By Gary M. White, MD

African tick bite fever (ATBF) is a self-limited disease caused by R. africae, an intracellular bacterium.


After an incubation period of 5 to 10 days, patients have symptoms that include myalgias, arthralgias, fever, and headache: 53% to 100% of patients have at least 1 inoculation eschar (so called tache noir). Patients may develop diffuse macular or vesicular skin eruptions and rarely neuropsychiatric symptoms, myocarditis, and subacute neuropathy.

Rarely, a reactive arthritis may complicate 5% of travel-associated ATBF cases, and some patients may develop subacute cranial or peripheral neuropathy.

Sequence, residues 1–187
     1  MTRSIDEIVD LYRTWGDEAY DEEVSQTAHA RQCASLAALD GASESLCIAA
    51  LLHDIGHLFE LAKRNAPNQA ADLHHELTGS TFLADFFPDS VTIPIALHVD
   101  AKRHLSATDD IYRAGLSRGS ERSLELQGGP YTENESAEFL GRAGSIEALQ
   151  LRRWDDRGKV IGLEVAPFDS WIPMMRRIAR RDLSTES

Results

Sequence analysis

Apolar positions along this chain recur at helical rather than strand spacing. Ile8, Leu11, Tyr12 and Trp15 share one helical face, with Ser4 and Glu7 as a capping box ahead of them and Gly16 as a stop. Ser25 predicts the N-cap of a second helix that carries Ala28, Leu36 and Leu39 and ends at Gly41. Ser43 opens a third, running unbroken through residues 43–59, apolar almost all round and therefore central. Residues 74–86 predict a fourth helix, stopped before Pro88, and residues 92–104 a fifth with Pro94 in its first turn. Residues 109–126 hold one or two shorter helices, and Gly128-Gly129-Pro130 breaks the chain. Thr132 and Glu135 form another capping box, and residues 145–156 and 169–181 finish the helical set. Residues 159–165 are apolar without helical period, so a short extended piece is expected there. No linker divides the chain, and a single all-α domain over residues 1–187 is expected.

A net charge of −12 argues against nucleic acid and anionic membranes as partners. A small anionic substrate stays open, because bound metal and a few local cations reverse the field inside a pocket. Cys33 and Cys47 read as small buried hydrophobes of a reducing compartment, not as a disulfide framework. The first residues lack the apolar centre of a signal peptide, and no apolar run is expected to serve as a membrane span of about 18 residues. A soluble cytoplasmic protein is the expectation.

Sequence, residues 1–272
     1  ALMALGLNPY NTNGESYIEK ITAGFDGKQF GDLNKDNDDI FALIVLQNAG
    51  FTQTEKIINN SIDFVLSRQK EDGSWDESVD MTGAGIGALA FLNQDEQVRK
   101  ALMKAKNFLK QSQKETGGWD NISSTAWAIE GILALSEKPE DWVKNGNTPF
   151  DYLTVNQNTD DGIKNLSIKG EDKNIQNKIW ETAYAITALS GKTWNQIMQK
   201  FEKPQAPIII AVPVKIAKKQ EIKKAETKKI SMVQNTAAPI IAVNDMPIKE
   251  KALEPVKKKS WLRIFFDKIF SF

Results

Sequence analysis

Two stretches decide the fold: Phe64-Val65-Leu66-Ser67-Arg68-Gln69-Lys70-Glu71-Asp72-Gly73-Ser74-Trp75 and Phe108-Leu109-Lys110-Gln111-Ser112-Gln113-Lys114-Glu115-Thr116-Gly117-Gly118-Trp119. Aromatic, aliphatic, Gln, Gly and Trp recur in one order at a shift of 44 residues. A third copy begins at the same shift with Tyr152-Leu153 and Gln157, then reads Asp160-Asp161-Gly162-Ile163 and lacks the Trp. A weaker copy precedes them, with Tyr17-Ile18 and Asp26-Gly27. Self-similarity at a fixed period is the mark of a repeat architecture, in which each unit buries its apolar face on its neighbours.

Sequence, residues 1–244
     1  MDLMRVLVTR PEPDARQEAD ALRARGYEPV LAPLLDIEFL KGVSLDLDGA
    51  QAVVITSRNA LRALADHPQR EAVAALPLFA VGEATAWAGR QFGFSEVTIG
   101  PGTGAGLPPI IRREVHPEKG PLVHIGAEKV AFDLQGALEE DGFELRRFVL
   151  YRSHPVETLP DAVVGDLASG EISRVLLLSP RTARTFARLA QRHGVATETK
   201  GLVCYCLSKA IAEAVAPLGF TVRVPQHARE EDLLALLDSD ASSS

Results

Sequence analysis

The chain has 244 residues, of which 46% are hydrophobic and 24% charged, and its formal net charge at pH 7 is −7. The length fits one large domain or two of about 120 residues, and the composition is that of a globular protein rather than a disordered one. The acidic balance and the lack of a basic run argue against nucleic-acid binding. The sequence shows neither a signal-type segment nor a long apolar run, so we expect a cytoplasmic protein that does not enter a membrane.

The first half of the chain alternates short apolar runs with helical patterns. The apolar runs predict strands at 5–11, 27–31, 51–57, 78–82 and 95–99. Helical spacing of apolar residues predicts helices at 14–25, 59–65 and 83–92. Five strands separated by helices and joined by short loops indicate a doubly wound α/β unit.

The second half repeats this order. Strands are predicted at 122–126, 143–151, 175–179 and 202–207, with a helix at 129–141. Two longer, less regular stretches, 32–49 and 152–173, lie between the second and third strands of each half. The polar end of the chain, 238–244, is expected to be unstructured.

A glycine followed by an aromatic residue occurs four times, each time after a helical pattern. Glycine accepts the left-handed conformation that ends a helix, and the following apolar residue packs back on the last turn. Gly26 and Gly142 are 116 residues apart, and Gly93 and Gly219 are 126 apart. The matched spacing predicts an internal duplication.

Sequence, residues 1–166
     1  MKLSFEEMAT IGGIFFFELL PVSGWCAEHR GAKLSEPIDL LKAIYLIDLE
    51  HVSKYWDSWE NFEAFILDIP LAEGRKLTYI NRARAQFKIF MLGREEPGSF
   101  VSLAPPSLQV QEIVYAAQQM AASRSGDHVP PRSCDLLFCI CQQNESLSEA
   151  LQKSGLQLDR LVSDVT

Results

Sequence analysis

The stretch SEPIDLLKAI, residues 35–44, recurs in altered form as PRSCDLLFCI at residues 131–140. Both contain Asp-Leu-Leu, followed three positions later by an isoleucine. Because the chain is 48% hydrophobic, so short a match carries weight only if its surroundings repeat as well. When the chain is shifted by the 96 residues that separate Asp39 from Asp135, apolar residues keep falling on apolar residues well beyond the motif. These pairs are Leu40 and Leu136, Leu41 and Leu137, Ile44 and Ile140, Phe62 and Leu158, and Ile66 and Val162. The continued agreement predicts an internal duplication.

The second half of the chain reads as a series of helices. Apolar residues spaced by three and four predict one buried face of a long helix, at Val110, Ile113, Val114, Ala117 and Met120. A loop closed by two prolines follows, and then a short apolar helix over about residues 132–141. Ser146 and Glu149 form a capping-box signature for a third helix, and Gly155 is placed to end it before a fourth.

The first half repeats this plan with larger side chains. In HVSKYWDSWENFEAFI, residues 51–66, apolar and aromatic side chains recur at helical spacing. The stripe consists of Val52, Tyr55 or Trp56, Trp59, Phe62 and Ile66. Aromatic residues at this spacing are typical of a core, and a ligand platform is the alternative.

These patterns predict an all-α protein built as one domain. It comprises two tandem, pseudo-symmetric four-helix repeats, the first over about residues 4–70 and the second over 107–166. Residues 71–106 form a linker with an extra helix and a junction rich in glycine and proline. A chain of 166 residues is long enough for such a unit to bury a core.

The diagnosis may be confirmed in several ways [Infect Ecol Epidemiol. 2017 Aug 2;7(1):1343081]. Seroconversion typical occurs weeks to a month after onset. More immediate results may be obtained using swabs, fluid and skin biopsy.


A 7-10 day course of doxycycline is the standard treatment.


Fever and a black eschar in a patient who had been hunting in Africa 2 weeks prior. N Engl J Med 2015; 372:e14


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